Good question. There has long been a debate about the merits of including a cover letter with your employment application. Some people strongly advocate for always including one and others will tell you that they’re a waste of time because they don’t get read.
With technological advancements people often upload their resume and don’t bother with a cover letter. That is ok, they are not always an essential requirement; however in a job search I would want to be better than ok. I would want to make an impression and would never apply without one.
Cover letters are an important part of your application. They afford you more freedom in terms of content and writing style than your resume. For instance it is fine to write in the first person (I, my, etc) in a cover letter whereas it doesn’t work in a resume.
My argument is simple. Your resume is designed specifically to gain you an interview. Not a job … an interview. The cover letter is designed to entice the employer to read your resume. A well-written cover letter can mean the difference between a quick scan of your resume or a more thorough read.
Just like your resume, a cover letter is a powerful sales tool. You are marketing yourself and any opportunity to present yourself to an employer should be taken. Not including a cover letter, to me, is like attending an interview without your shoes, or bread without butter — they go hand-in-hand.
When I was recruiting there were many times when I had 2 or 3 people’s resumes in front of me and had trouble deciding who to interview. I can tell you without doubt, the person who made the effort to include a targeted cover letter always got an interview.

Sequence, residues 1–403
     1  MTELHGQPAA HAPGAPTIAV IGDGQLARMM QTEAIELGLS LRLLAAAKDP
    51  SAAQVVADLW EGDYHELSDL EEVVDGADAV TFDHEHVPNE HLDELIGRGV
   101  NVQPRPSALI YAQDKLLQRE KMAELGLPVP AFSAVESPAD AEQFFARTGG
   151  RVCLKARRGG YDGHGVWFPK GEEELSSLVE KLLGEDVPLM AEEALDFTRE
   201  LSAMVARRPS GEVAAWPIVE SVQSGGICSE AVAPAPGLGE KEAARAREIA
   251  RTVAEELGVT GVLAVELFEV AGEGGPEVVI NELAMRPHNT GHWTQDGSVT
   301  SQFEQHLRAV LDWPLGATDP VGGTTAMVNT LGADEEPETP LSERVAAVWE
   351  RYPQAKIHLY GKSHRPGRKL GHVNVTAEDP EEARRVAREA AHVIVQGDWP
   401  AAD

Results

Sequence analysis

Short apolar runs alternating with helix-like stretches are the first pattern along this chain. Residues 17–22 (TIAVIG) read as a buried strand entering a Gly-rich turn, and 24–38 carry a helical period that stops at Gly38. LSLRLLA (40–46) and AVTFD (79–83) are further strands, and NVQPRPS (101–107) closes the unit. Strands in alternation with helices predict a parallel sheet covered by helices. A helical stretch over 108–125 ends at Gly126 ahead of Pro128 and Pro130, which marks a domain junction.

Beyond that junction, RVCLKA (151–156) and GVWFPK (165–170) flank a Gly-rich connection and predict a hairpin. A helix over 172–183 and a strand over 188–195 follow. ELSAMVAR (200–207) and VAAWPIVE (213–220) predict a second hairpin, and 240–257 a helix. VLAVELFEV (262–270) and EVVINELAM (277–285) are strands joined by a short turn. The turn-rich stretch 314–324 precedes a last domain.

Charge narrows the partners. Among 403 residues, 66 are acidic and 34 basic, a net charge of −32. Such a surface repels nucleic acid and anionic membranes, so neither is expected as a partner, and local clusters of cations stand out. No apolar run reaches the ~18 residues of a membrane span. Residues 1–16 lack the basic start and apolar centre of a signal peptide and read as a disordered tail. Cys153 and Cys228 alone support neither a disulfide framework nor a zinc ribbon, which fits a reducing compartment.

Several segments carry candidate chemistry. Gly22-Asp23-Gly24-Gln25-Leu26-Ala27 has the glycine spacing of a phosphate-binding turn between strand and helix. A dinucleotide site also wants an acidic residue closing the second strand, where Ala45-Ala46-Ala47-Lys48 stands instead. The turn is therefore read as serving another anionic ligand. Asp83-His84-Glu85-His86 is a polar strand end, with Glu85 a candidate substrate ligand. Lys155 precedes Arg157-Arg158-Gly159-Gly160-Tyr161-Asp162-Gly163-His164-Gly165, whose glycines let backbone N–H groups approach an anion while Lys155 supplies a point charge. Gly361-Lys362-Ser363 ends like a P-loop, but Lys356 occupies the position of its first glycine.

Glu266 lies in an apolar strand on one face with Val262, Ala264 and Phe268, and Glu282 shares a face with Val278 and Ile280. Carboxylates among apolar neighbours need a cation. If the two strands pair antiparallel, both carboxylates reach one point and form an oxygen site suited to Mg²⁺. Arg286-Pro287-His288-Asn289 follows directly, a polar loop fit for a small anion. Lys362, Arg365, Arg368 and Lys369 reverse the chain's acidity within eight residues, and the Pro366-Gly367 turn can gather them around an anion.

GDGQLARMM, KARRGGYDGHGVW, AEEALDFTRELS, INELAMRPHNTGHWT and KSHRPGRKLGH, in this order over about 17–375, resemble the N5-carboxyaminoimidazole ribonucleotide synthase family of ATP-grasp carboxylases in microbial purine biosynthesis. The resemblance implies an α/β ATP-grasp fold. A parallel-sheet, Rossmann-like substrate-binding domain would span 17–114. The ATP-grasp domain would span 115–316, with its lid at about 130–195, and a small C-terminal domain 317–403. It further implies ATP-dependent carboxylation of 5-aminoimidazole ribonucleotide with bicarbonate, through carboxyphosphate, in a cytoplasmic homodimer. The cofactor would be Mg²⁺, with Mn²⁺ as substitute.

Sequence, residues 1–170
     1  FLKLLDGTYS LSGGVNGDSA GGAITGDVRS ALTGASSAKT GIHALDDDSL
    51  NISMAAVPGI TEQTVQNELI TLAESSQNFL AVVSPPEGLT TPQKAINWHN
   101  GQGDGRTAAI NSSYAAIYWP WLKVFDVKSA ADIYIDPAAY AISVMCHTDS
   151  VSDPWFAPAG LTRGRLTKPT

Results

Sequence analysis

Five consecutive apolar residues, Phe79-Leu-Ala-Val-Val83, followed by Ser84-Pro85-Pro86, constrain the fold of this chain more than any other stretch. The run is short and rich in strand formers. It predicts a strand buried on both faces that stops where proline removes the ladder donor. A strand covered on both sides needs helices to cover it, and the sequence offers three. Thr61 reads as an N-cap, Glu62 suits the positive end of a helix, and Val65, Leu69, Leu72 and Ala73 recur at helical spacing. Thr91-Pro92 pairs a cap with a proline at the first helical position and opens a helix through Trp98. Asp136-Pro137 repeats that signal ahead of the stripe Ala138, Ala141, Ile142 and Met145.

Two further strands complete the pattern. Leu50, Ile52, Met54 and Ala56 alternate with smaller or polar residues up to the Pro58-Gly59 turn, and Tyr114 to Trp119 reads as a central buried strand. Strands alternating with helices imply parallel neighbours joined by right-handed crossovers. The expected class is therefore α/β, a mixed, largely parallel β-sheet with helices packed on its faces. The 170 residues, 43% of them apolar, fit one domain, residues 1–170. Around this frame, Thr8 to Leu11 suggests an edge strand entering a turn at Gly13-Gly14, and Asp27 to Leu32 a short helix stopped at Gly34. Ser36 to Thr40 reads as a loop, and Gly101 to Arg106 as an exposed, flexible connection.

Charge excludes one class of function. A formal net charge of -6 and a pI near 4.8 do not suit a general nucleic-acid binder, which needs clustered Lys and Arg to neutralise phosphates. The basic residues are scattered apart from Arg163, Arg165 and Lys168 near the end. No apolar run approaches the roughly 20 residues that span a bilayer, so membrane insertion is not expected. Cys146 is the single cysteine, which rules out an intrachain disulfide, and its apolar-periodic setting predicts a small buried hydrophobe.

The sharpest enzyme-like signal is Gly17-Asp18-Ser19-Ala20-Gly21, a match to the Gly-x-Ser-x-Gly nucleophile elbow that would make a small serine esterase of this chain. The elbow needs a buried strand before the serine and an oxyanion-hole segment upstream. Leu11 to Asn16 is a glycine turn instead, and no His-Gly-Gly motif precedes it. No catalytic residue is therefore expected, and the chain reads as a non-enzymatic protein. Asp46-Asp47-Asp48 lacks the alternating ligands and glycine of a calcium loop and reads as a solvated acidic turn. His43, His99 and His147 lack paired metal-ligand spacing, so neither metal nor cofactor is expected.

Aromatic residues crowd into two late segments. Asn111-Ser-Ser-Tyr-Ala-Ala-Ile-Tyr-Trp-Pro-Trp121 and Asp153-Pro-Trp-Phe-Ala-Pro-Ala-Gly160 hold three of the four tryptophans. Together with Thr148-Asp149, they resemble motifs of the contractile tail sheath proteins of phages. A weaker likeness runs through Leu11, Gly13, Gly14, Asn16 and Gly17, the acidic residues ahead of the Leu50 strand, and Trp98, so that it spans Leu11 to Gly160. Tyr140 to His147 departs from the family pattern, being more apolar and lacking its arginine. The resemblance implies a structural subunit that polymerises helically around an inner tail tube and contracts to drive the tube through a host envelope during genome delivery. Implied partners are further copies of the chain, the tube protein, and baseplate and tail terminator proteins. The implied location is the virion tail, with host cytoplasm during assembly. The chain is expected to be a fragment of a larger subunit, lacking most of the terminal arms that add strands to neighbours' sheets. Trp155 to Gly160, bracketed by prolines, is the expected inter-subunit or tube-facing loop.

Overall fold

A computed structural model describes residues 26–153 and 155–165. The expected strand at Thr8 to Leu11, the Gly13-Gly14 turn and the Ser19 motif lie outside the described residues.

In a sales and marketing campaign, which is precisely what a job search is, you need to use every opportunity to shine. To present the benefits of your product – you – to the employer. The cover letter is a perfect opportunity to do this.
Not everyone includes a letter so you immediately set yourself apart from the competition for having made the effort.
Most positions require some level of communication skills. You may be communicating internally with other staff or externally with clients. Cover letters are a good indication of your communication style and show potential employers that you can construct professional business communication free from error.
Cover letters can be quite persuasive. I will never forget a candidate I interviewed for a Financial Controller position. His cover letter was fantastic … well thought out, persuasive and by the end of the letter I was thinking “I have to meet this guy”. I then went onto the resume and was utterly disappointed. It was dreadful. I telephone screened him to cover a few areas of concern and invited him for interview. At the end of the interview I told him that if I had seen his resume alone I wouldn’t have interviewed him. His cover letter was the reason he was here. He ended up getting the position.
Cover letters demonstrate to the employer that you have taken time to craft an application, tailored to their needs. Good points.
The cover letter gives you more freedom than the resume. You can show the employer how you meet their needs. Mention things not included in your resume, eg outside interests and hobbies relevant to the role or experience that dates back further than 10 years.
Cover letters are also a good place to explain extended gaps in employment or a change in career.
If you don’t include one you run the risk of looking lazy or like a person who sits at a computer merrily blasting resumes off to anything that looks interesting. A person who has taken time to craft an individual letter immediately demonstrates initiative, effort and research.
The decision to include a cover letter is entirely yours to make, however my advice would be to use every opportunity and every tool at your disposal to make an impression with potential employers. They are well worth the effort.
For tips on how to construct a cover letter see Cover Letter Do’s and Don’ts
© Michelle Lopez, Owner/Career Consultant
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